Titian: His Life, by Sheila Hale, Harper Press, RRP£30, 832 pages
About suffering they were never wrong, the Old Masters – especially Titian who, aged 88 in plague-ridden Venice, chose as his final mythological subject the flaying of Marsyas, the satyr killed for challenging with his pan pipes the lyre of the god Apollo. In a harrowing picture of slow torture on an airy summer night, the faun is strung up like a butchered animal, hind legs strapped to a tree with gaudy pink bows, amid a claustrophobic clutter of persecutors and witnesses. These include King Midas, depicted with Titian’s own features, and a spaniel lapping up Marsyas’s blood.
Why did Titian choose this terrifying story? “Did he want to discover what lay beneath the living flesh that his contemporaries said he painted not with pigments but as though with real trembling skin?” asks Sheila Hale towards the end of her engrossing new biography. “Was he, as his own aged flesh thinned and decayed, sitting in judgment, in the guise of the foolish, greedy Midas, on his own hubris and love of gold?”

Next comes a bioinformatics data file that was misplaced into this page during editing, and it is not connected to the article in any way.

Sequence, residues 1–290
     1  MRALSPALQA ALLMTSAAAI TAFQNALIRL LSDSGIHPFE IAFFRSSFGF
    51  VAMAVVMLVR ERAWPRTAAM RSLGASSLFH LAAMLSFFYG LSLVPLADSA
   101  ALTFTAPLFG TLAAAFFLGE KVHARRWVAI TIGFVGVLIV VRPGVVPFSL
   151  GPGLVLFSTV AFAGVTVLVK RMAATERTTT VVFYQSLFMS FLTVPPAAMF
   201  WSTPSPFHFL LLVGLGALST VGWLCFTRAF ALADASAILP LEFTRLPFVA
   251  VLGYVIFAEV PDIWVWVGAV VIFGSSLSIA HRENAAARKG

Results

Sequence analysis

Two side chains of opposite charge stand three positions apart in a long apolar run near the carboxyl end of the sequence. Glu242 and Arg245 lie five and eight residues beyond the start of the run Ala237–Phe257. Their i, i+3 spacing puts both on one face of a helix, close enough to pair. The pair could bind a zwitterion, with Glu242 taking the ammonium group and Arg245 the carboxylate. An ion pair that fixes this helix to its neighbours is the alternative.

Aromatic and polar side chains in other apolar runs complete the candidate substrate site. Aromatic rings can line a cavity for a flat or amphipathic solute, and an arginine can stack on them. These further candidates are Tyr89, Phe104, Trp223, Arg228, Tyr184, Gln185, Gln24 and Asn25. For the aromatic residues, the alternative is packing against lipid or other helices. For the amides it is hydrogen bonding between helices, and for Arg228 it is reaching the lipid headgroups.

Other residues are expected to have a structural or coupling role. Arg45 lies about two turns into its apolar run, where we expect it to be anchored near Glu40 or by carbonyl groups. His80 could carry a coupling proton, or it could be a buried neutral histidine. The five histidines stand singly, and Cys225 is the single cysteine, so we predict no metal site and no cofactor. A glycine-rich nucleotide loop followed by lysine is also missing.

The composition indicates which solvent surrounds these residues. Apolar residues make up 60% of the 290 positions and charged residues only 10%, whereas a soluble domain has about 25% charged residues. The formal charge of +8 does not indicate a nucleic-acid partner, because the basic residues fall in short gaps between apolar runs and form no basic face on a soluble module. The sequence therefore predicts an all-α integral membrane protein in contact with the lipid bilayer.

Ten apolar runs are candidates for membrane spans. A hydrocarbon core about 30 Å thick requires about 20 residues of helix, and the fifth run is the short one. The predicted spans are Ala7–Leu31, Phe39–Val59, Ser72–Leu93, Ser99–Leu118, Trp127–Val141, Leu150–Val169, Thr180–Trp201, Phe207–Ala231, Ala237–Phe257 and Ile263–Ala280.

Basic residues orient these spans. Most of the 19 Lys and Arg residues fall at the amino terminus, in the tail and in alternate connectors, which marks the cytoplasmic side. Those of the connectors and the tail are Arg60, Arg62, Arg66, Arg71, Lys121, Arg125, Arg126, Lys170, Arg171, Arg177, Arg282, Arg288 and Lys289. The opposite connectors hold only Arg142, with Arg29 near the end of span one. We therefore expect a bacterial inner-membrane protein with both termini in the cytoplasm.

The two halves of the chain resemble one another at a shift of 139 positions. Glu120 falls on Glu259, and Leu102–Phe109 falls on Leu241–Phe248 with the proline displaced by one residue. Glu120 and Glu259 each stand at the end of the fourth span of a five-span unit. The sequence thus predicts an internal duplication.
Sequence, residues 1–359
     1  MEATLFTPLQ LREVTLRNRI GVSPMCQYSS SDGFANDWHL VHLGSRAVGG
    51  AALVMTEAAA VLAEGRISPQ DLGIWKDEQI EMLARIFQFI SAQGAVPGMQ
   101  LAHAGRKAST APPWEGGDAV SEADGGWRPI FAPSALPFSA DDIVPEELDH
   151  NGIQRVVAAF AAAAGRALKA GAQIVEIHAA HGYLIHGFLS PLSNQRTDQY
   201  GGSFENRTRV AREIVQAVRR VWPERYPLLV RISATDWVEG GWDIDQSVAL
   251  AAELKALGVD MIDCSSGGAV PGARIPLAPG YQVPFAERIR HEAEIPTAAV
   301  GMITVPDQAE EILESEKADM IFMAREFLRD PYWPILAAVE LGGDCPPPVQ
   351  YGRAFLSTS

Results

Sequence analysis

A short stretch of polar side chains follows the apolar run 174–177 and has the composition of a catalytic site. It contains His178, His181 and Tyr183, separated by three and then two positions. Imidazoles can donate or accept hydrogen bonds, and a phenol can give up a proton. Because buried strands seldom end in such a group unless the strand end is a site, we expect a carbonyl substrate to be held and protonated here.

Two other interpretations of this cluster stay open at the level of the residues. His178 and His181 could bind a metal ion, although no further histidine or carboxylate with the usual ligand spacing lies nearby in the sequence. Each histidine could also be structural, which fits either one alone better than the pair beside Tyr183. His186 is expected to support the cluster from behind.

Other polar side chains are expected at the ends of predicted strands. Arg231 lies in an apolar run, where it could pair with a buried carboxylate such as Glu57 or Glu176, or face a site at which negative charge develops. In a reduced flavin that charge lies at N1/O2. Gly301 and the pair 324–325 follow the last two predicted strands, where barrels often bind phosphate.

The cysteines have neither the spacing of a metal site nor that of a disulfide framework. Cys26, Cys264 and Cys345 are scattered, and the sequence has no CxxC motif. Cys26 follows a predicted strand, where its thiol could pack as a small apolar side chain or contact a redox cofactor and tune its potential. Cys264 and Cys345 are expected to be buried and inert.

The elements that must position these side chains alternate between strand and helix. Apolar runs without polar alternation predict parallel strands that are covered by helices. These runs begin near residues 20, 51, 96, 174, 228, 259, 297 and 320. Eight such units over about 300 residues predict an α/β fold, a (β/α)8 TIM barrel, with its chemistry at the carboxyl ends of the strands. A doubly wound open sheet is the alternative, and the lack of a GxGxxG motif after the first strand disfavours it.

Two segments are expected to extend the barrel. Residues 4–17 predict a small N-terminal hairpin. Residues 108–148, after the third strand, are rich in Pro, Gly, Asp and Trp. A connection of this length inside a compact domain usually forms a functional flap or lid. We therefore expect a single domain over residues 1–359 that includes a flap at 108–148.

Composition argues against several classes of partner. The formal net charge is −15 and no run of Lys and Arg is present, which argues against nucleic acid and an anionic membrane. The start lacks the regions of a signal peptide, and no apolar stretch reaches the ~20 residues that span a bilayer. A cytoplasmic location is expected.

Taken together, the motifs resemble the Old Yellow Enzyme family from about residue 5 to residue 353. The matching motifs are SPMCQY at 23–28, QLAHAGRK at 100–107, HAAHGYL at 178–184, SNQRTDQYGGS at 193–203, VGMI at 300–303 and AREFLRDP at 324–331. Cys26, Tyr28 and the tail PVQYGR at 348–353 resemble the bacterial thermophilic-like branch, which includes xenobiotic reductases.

The painting’s demonic elation suggests “an element of the wild satyr in the creative genius of this suave gentleman who knew so well how to flatter his social superiors and had scarcely ever written a letter that was not about money”. Perhaps Titian even “knew he was breaking the mould of High Renaissance decorum in anticipation of the course his art would take centuries after his death … when he would be recognised as the ur-father of modern painting”.
Titian is a magnificent, perplexing, near-impossible biographical subject. This is the first Life since 1877, and uses unpublished material amassed over decades by Titian scholar Charles Hope. But even with these fresh sources, and using her own background as a historian of Venice, Hale struggles against the odds. Almost nothing is recorded of Titian’s personal life – we don’t know the name of his second wife, or the date when a beloved daughter predeceased him. The only certain self-portraits depict a thin-faced old man with a white beard, in opulent black, wearing a gold chain – every inch the establishment figure.